Casino Gambles With Discrimination–And Garners a Lawsuit

Resorts Casino Hotel in Atlantic City, N.J., a struggling casino that was purchased by new owners in December 2010, fired 15 cocktail waitresses for “violating uniform standards” after forcing them to try on skimpy 1920s-inspired flapper outfits and subjecting them to a degrading photo shoot. Seven of those fired have filed a lawsuit against the casino for sex and age discrimination.

The employees thought they were trying on the outfits so the company could find an option that best suited the entire staff, but that was not the case. Instead, inspired by the HBO hit series Boardwalk Empire, the casino’s new management wanted to rejuvenate its image by putting its cocktail waitresses in outfits with a little less fabric.

Each waitress had to try on the revealing costume and have three pictures taken: front, side and back. Some women were forced to spread their legs and take off their bras.

“They told me they needed two pictures of my backside. It was disgusting. It was dehumanizing,” said Nancy Schromsky in an interview with the Philadelphia Daily News. Schromsky is a 58-year-old grandmother who started working at the casino in 1978.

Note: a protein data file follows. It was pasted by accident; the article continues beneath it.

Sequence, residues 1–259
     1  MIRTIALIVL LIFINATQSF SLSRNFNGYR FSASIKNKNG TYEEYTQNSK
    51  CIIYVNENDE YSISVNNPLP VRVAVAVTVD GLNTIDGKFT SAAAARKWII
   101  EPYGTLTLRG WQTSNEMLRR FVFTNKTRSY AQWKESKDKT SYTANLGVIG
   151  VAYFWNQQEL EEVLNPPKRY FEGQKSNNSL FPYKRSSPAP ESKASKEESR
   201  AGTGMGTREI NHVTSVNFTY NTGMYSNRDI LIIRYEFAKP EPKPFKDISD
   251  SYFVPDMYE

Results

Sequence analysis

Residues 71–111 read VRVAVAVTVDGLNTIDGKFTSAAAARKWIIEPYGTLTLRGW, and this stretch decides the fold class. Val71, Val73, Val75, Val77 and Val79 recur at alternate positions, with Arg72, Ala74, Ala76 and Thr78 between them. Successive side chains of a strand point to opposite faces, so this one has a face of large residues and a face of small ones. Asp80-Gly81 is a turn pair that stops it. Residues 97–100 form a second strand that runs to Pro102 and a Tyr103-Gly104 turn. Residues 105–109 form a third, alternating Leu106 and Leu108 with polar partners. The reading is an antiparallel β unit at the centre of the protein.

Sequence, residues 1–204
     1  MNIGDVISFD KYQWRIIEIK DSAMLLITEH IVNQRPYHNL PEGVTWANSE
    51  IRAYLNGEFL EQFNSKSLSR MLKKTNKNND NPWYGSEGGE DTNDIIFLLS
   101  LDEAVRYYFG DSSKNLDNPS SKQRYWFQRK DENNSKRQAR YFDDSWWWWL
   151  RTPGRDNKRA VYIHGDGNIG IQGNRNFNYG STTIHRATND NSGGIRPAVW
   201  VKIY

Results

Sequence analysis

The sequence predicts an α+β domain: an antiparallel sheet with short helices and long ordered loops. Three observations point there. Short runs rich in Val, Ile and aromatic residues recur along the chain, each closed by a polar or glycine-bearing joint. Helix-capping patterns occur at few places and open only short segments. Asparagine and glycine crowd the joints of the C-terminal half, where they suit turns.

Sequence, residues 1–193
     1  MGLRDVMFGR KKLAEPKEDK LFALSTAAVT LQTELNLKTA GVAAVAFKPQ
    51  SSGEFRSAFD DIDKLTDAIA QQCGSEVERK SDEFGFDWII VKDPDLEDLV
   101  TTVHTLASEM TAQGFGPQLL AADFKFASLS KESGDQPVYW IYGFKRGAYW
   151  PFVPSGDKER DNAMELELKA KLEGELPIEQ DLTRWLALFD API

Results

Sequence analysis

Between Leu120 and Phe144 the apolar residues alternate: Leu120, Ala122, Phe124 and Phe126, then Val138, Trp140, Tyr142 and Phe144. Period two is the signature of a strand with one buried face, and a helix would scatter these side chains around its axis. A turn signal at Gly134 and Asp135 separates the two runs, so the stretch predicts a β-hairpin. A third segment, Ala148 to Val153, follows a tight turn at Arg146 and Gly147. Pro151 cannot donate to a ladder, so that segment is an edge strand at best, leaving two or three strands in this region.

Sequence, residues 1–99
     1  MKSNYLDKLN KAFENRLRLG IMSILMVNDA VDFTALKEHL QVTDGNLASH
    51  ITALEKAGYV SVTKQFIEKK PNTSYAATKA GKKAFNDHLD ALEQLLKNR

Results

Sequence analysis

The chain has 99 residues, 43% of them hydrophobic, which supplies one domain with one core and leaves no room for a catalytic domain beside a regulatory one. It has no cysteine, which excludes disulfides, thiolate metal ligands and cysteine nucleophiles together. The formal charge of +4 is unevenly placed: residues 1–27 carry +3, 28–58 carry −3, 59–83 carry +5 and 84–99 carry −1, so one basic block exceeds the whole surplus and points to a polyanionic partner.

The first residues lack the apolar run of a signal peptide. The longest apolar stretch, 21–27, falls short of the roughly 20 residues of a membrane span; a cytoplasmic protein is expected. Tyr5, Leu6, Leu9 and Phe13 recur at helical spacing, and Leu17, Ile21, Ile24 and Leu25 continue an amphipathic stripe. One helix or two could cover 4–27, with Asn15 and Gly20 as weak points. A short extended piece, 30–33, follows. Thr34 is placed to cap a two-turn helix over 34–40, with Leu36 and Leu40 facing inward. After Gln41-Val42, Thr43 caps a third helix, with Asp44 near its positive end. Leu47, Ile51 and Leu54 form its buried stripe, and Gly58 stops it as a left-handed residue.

In a statement to the press, Resorts spokesperson Courtney Birmingham said:

All cocktail servers were given individual consideration and the selection process was conducted in a fair and objective manner. We empathize with the cocktail servers who lost their jobs and gave them hiring preference in other open positions at Resorts. Some took advantage of this offer and some did not.

In this case, “objective manner” meant objectifying. Those who filed the lawsuit in Superior Court claimed that Resorts and its owner Dennis Gomes created a “sham evaluation process” in order to fire middle-aged employees who did not meet image requirements and and replace them with “younger, sexually attractive” women.

Photo from Flickr user Mini D through Creative Commons.